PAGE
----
om Clancy's garnered quite the reputation for himself over the years, if not for his writing chops, most certainly for his attention to detail. The author of The Hunt for Red October and Patriot Games seems to know everything there is to know about the day-to-day operations of the world's militaries — even when the scenarios are grotesquely fictionalized, his stories possess a gritty realism through their descriptions of hardware, tactics and hierarchies. How is it, then, that the Ubisoft license bearing the author's name takes such liberties with these "little" details? HAWX, the latest in the publisher's Clancy franchise, laid waste my suspension of disbelief as soon as I began its first scenario. You see, the United States Air Force doesn't fly the F-18. The Navy's aircraft carriers also aren't equipped to land and service Soviet Mig-29s, but I digress.
Screenshots can deceive.If it were the only game of its kind available on the modern consoles, it would be a lot easier to overlook most of HAWX's shortcomings — its controls wouldn't seem nearly as sluggish nor its graphics as plain if there wasn't Namco's Ace Combat 6 to compare it to. But alas, that latest Ace Combat game, now nearly eighteen months old, outclasses HAWX at every opportunity. To its merit, Ubisoft's game does copy what it needed to from its competitor — the twin stick controls are as intuitive as you'll find on a home console and quite the improvement over Blazing Angel's confusing layout. Yet despite those smooth controls, HAWX never quite conveys the sense of speed and grace that it should. Flying feels far too much like driving, the game's aircraft more lumbering than snappy.
A far cry from the flight simulations of the PC realm, HAWX belongs to a genre which is almost exclusive to consoles: the arcade flight game. By packing a variety of modern aircraft full of a seemingly limitless arsenal of bombs and missiles, these games open up the air combat experience to those who love the "seconds of excitement" but hate the "hours of boredom" characterizing the typical sortie. HAWX's visuals are functional enough, but where the Ace Combat games ceaselessly impress with nuance and tiny details, Ubisoft's efforts come off looking a little bit plain. One key example is in the game's cockpit view. The F-4 Phantom of Ace Combat was a joyous chore to fly — not only did it maneuver like a supersonic garbage truck, the large blast shield that lived in front of the HUD obscured forward visibility. In HAWX, the F-4 flies just about the same as the Mig-29 (wrong) and the cockpit's mostly unanimated instrumentation rests plainly out of your field of view. Accessible? Yes, but not nearly as authentic (or as interesting). And which game earns the Clancy badge of approval?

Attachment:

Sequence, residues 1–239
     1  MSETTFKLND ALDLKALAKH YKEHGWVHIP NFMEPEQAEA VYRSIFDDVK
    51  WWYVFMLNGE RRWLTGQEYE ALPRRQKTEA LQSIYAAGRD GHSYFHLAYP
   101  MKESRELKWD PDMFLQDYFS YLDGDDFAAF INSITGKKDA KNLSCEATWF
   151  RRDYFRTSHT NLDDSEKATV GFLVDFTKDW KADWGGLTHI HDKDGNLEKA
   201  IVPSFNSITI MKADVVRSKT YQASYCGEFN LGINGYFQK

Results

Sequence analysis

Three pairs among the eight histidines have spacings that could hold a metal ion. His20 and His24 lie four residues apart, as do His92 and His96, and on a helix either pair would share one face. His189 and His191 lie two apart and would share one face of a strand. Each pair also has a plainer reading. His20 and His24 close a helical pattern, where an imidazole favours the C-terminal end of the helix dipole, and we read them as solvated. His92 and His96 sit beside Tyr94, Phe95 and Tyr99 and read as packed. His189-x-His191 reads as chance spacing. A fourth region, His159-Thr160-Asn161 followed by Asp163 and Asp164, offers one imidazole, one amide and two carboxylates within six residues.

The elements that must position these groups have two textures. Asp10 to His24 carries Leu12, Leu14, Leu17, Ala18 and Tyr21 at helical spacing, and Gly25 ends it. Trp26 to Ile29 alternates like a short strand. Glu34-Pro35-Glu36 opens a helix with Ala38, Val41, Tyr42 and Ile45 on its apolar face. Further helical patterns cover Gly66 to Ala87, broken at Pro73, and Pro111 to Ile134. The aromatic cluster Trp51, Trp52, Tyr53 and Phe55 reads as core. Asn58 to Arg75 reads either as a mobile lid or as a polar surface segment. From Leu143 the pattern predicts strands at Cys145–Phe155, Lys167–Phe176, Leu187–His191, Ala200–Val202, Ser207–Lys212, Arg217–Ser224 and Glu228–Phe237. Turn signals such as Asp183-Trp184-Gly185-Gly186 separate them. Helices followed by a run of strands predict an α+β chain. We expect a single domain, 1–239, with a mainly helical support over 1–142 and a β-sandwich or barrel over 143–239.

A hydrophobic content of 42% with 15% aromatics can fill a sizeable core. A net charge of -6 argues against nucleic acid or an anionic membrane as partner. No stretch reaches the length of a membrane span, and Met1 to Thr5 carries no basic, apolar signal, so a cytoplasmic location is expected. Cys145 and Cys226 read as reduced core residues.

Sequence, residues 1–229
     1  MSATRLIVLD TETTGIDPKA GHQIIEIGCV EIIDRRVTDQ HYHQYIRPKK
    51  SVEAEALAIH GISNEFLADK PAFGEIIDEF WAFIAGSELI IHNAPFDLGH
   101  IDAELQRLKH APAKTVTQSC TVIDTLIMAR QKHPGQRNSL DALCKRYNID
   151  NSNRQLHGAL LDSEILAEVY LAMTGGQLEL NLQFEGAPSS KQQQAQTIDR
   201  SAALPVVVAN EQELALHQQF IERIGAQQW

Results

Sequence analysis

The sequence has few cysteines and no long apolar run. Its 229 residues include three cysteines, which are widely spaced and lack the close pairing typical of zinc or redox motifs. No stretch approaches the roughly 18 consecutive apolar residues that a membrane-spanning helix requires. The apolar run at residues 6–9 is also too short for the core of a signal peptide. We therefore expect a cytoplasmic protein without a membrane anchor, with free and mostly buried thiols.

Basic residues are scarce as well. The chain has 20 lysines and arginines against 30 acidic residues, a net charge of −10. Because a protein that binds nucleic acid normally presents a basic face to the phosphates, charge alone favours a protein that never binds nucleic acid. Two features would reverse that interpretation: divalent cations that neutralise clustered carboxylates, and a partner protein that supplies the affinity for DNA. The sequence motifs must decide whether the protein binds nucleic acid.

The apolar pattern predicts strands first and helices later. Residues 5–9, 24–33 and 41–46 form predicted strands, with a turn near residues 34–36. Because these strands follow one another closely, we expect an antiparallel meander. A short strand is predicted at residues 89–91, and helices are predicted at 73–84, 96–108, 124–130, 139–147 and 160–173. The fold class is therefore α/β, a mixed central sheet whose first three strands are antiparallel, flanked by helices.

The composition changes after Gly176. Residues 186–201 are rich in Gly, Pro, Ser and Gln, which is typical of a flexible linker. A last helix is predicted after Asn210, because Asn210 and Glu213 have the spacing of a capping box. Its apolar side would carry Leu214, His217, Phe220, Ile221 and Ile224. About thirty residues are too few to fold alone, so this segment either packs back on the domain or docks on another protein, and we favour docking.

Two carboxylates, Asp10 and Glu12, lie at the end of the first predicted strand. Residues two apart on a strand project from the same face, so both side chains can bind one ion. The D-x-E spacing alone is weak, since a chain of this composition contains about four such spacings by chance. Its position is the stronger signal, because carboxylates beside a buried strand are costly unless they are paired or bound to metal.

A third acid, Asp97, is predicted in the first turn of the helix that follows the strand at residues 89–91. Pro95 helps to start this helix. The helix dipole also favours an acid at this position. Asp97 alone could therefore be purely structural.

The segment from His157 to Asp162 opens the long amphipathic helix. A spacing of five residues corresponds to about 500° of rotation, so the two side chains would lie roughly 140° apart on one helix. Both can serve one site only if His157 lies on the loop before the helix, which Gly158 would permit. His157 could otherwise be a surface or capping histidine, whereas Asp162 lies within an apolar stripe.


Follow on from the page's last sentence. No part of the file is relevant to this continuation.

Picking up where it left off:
In-flight assistance is a fun but
underutilized concept.The few attempts HAWX makes at differentiating itself tend to fall a little bit flat. Its "assist" feature is actually pretty cool in theory — by holding down the 'Y' button, onscreen vectors illustrate the clear path to evasion or interception — but in practice, I was usually better off making my own route and deftly manipulating throttle to get behind an enemy. Another feature is the "safety off" mode. Turn off your craft's safety protocols and you're able to pull off crazy maneuvers at the risk of stalling. This would have been great but for the fact that engaging the mode teleports you out of the cockpit and into a bizarre and disorienting overhead view. I don't know about you, but I'd rather spend my time dogfighting the enemy rather than a dodgy camera.
In terms of story, HAWX falls just about as flat as Ace Combat 6: a convoluted tale about private military corporations is no worse than one about a fictional world war. Still, Namco's design team demonstrated a love for its game's source material which Ubisoft was never able to replicate. You see, just because an F-14 can take off and land from a U.S. carrier doesn't mean that its Soviet counterpart can also. From weapon payloads to flight handling to paint schemes, Ace Combat is the victor both in terms of creativity and authenticity.
Am I being too harsh? Perhaps — there's nothing about HAWX that makes it a truly awful game. Still, it's hard to ignore the fact that a better and far cheaper title is already out there. Tom, you probably should have a good long talk with the folks you've handed your name to. You see, it's the competition that shares your passion for the tools of modern warfare.